Tests of sciatic nerve mobility in children with cerebral palsy (CP) — partly measured by a “straight leg rise” (SLR) — are relevant measures of likely mobility issues in these patients, and should be included in a clinical analysis, researchers report. They suggest that further study is needed to determine if increasing nerve mobility could help to improve mobility-related functions and activities.
The study, “The Relevance Of Nerve Mobility On Function And Activity In Children With Cerebral Palsy,” was published in the journal BMC Neurology.
Impaired movement or elasticity of the nervous system can provoke pain or restrict movement. Previous studies have shown that a physical therapy known as neural mobilization can reduce stiffness in adult patients with these symptoms.
Children with CP often experience muscle weakness, stiffness or spasticity, and have joint deformities that, together, hamper their movement and can lead to greater restrictions later in life.
Researchers wondered if nerve mobility was relevant to likely motor performance in pediatric patients, and hypothesized that a positive SLR test can be used to predict reduced motor function, capacity, and performance in children with CP.
“[R]esearch about neural structures and their influence on functional limitations and recovery in children with neurological disorders is scarce,” they wrote.
They followed 30 children, with ages ranging from six to 18, who could communicate and extend their knee against resistance. The team collected data on SLR, leg muscle strength, Gross Motor Function Measure (GMFM-66), and number of activity counts during daily life for each child.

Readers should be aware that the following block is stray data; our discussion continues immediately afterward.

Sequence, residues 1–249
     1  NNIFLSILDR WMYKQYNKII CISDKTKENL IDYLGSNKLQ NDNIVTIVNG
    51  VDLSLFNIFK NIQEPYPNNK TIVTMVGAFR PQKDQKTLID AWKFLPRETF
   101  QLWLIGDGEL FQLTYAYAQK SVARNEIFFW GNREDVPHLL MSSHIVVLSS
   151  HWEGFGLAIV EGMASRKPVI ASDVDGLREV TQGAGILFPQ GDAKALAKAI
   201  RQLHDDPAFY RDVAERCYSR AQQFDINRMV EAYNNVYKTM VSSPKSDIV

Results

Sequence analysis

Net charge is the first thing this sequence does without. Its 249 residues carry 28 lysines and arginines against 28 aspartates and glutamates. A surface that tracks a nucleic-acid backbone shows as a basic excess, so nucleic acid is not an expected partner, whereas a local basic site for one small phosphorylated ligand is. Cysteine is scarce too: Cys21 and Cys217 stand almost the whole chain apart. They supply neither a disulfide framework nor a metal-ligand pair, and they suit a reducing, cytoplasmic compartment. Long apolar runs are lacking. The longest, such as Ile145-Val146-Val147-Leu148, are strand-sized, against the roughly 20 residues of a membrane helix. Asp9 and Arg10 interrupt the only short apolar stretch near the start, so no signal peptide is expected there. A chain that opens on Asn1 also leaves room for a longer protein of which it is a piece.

Results showed that a positive SLR test did indeed distinguish between children with low or high muscle strength and GMFM-66 scores. Moreover, the SLR hip angle correlated significantly with the level of disability and with muscle strength.
“A positive SLR (nerve as limiting factor) or negative SLR (other structures such as muscle length) was able to distinguish between children with higher and lower motor function, capacity and performance with acceptable sensitivity, and specificity,” the authors wrote.
“The results of this study showed a relationship between mobility related functions, activities, and participation and restrictions of nerve mobility in children with CP,” they concluded. “Therefore, integration of neurodynamic assessments to the clinical reasoning process might provide an additional view to observe and treat mobility limitations in children with CP.”
More studies are warranted to understand whether improving nerve mobility can have a positive impact on function in children with CP.